FOXBORO, Mass. — Typically, a team’s best and most clutch players are on the field for nearly every snap. If a player can make a key catch on third down to keep the chains moving, then he’s usually on the field for first and second down, as well.
That’s not the case for New England Patriots wide receiver Danny Amendola, who has played just 43.57 percent of snaps this season. The Patriots seem to save Amendola for only the most important moments. Case in point: Amendola is tied for the team lead in third-down targets despite playing significantly fewer snaps than other skill-position players like Brandin Cooks, Rob Gronkowski and Chris Hogan.
He’d prefer to play more.
“Whenever they tell me to go in, I go in,” Amendola said last week. “I want to expand my role and be out there every play. Whatever I can do to make the team win.”
It’s not surprising that Amendola ranks second among slot receivers, behind the Minnesota Vikings’ Adam Thielen, in targets per routes run. Amendola has been targeted on 23.2 percent of the passing plays he’s on the field. And there’s a reason why Brady depends on him so heavily. He’s catching 78.2 percent of the passes Brady throws his way for a 113.8 passer rating.
“Danny’s made a lot of plays for us,” head coach Bill Belichick said last week. “He’s an outstanding player. He’s got tremendous hands, concentration, toughness, (a) very smart, instinctive player, knows how to run routes, knows where to go on zone coverages, how to get open, how to find space, how to do the right thing for the pattern, do the right thing for the quarterback.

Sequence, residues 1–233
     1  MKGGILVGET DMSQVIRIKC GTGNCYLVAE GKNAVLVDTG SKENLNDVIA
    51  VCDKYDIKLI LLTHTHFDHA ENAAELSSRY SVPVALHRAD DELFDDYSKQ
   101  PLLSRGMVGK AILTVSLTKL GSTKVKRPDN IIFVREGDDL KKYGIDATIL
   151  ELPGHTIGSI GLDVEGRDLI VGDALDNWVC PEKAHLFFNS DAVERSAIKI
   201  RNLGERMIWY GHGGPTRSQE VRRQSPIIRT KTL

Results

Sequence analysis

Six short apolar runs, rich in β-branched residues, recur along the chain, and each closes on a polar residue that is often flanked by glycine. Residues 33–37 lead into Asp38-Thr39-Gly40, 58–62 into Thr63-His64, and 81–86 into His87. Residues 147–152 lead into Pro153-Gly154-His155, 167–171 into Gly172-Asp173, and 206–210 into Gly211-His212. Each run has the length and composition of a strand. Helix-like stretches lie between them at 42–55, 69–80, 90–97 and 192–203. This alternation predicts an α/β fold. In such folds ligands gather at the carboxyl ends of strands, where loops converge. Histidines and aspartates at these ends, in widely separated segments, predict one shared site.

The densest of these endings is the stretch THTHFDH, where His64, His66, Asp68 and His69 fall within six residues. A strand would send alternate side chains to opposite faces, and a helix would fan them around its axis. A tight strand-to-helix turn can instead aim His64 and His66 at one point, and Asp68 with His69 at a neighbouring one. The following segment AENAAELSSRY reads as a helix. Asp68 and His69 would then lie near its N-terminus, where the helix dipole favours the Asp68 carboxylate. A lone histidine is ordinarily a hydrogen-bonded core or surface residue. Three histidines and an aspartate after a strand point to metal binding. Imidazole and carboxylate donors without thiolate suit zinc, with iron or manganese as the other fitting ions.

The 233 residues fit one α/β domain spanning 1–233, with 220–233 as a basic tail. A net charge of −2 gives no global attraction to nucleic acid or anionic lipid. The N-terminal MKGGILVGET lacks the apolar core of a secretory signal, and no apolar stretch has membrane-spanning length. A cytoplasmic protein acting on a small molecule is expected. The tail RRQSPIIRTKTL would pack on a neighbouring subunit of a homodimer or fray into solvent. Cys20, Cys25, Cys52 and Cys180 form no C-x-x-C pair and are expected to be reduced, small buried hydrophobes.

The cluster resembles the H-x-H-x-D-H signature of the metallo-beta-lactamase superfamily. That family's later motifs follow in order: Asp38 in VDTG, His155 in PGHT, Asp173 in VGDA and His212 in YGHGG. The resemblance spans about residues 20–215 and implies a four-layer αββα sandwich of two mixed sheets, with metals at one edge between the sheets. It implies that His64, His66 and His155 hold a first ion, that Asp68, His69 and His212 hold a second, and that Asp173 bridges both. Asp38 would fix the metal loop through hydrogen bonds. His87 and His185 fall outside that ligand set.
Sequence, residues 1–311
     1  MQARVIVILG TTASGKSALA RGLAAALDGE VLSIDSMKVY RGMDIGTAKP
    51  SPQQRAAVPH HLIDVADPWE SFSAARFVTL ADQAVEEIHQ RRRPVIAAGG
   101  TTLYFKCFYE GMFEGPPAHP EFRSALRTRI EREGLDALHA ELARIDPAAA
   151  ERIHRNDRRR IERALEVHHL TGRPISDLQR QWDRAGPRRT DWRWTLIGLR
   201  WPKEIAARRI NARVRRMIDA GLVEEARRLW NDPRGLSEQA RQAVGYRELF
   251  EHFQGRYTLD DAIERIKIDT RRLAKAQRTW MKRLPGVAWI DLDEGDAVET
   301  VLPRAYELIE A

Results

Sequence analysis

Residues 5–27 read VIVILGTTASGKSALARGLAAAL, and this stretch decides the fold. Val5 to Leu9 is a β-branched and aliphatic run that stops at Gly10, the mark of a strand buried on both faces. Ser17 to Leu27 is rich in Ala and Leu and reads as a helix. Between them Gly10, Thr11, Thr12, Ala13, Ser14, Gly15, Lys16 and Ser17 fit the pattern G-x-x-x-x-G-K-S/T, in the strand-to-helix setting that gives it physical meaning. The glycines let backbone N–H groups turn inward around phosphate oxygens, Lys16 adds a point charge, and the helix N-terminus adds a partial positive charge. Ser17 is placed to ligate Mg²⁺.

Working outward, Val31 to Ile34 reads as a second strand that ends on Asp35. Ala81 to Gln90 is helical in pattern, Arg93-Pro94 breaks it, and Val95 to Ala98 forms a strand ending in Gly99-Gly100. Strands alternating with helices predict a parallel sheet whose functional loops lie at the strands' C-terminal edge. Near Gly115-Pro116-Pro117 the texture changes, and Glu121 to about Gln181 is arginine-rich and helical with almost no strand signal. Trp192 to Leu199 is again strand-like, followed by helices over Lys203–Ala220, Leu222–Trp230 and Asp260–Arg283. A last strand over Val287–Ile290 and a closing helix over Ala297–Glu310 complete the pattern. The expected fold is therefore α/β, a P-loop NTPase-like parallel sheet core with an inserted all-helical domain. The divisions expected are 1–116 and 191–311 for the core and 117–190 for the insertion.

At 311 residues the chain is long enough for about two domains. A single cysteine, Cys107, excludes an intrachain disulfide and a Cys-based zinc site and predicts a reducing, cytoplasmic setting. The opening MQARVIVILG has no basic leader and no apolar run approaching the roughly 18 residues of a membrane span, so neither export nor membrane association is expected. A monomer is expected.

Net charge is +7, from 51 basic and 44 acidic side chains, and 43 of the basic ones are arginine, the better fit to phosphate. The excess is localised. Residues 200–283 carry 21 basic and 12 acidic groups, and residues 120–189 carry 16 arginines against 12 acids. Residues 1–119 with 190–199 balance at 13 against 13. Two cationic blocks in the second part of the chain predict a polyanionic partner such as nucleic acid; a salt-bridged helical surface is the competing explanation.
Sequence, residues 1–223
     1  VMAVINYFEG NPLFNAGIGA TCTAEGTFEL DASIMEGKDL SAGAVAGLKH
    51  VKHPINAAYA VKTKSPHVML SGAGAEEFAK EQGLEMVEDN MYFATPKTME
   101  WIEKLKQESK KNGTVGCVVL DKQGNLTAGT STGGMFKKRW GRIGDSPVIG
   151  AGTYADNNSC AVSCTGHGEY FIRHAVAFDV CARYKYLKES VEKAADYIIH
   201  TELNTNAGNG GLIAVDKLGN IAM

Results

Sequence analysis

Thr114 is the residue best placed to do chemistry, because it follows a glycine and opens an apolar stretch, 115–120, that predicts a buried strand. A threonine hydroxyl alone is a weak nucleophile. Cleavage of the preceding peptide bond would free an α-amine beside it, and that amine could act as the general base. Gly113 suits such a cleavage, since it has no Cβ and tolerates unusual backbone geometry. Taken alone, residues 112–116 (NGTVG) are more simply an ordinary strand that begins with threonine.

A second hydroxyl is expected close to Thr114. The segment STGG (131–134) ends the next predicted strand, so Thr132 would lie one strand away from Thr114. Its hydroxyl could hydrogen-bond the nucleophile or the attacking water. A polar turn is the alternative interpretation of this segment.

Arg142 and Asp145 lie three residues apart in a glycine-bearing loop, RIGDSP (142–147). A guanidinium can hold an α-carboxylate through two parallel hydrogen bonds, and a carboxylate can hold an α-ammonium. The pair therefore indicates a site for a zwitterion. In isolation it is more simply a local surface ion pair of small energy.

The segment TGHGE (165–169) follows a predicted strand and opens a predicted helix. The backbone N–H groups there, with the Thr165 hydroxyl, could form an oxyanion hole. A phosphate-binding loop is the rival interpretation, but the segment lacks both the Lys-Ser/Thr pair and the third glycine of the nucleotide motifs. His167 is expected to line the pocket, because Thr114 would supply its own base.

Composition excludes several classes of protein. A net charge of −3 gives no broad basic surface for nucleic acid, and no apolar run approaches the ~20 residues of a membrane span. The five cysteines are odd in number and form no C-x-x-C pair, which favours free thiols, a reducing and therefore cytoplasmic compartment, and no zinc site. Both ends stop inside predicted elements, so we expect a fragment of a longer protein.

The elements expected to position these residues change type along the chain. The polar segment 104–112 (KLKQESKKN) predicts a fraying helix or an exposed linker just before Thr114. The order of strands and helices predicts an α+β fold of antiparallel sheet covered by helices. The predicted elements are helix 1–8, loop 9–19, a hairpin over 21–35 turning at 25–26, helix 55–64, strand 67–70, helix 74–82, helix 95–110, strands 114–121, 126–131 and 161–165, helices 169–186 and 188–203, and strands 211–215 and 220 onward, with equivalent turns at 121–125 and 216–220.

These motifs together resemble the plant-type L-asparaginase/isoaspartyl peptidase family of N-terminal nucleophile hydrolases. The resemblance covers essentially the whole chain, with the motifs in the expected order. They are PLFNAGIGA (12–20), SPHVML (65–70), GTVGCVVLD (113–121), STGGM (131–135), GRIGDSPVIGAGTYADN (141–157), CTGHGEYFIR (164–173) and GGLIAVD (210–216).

“I mean, he’s just a really good football player. He does everything well. He runs well with the ball after the catch, hard to tackle, he’s elusive, great situational player. He’s done a great job for us and continues to do it in whatever role he’s asked to perform in.”
There is no receiver in the NFL who is targeted as heavily who plays such a part-time role in his respective offense. He’s almost more comparable to an NBA player that might not play 30 minutes per game, but is on the court when it matters most. Think Ray Allen on the Miami Heat or maybe Eddie House when he was on the Boston Celtics.
“Every time he’s out there, you feel good about what may happen if the ball is headed towards him, and he always comes up big in the biggest moments or biggest games,” offensive coordinator Josh McDaniels said last week.
Amendola had one of his best games of the season Sunday afternoon against the Oakland Raiders in Mexico City. He caught eight passes on nine targets for 66 yards with a touchdown. Four of those targets came on third down, and he converted on three of them, including his touchdown.
Amendola also returns punts for the Patriots. He’s brought back 14 punts for 157 yards with a 40-yard long.
Given his injury history, it seems unlikely Amendola will start playing every snap as he desires. But when the postseason begins, it wouldn’t be surprising to see his role increase.
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